Advances in concurrent chemoradiotherapy for locally advanced non–small cell lung cancer
The ability of RT to locally control cancer is also dependent upon how well the tumor can be delineated. 18F-FDG-PET scanning has helped greatly in this regard; however, other novel tracers are also being developed. 18F-3-deoxy-3fluorothymidine (FLT), a marker that images cellular proliferation, shows promise. One study of 34 patients with NSCLC reported that 18F-FLT-PET showed better specificity, positive predictive value, and accuracy for N staging on a per-patient basis than did 18F-FDG-PET (53). However, 18F-FDG-PET was found to have higher sensitivity for identification of the primary tumor than 18F-FLT-PET.
As discussed above, tumor hypoxia is believed to be a significant contributor to radiation resistance. Hence, there is a great deal of interest in imaging tumor hypoxia. 18F-fluoromisonidazole (18F-FMISO), a radioactively labeled version of a well-studied nitroimidazole, was one of the initial tracers to be developed for this purpose. However, the results in NSCLC have been mixed using this isotope (54). A recent study reported poor correlation between 18F-FMISO uptake, 18F-FDG uptake, and tumor markers of hypoxia and angiogenesis (55). However, other markers of hypoxia have been developed that could have broader applicability in NSCLC. The 2-nitroimidazole 18F-EF5 has also been used to image glioblastomas, but its use in NSCLC remains to be evaluated (56).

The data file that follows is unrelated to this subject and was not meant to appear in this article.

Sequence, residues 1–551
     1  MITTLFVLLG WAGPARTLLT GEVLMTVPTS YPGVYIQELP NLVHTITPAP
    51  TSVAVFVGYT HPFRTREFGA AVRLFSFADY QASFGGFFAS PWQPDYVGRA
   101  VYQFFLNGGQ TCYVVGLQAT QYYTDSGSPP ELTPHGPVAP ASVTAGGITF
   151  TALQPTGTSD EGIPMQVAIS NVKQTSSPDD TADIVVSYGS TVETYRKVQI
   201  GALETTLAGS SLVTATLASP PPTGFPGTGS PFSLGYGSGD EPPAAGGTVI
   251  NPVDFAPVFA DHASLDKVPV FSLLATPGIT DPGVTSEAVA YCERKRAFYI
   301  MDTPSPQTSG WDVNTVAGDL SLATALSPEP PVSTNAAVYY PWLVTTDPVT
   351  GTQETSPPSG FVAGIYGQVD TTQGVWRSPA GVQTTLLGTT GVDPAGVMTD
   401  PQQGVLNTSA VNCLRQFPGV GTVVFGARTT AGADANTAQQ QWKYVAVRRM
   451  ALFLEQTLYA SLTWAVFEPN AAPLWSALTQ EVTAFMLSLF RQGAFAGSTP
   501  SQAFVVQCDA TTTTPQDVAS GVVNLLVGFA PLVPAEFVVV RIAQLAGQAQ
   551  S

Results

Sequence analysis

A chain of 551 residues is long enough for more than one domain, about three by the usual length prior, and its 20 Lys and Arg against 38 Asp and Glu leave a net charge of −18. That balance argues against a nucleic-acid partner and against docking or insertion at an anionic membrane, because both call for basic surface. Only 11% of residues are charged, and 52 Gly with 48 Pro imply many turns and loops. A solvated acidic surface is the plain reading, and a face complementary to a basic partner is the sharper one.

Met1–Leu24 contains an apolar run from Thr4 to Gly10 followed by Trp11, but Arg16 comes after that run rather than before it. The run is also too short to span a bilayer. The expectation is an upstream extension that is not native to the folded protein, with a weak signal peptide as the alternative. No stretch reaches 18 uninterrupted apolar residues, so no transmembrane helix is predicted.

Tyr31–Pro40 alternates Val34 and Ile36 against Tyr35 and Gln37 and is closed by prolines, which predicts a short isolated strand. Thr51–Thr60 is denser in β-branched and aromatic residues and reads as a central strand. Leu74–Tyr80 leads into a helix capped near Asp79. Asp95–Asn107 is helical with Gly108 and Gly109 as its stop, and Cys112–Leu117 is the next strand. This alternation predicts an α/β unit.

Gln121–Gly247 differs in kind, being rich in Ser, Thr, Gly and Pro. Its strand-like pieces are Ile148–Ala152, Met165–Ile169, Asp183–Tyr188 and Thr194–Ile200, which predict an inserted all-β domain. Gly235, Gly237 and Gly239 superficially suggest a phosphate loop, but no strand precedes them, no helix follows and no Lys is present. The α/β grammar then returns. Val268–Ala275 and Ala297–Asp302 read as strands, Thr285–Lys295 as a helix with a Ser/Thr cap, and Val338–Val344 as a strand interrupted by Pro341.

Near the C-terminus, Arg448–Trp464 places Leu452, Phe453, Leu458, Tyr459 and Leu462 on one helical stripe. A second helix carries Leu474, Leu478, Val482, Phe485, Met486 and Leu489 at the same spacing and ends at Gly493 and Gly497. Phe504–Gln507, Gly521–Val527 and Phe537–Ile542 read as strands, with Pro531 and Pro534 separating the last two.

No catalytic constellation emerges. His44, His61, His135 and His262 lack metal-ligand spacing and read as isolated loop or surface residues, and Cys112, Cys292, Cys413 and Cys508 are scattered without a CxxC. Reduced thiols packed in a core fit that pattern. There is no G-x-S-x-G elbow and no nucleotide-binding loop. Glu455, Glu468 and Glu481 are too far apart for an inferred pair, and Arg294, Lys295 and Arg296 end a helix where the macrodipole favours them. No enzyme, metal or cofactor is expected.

Although biological imaging has proven valuable in staging and improving the accuracy of tumor identification for target delineation, its role in assessing response to therapy still remains largely unexplored. In a recent pilot study from the University of Michigan, Kong and colleagues found that 18F-FDG uptake during RT in NSCLC correlated with posttreatment scans, suggesting that tumor metabolic response during therapy may serve as an early predictor of outcome (57). Although intriguing, these results must be validated in larger studies in order to firmly establish the utility of 18F-FDG-PET scanning as a predictive imaging biomarker for response to RT.
Proton beam therapy.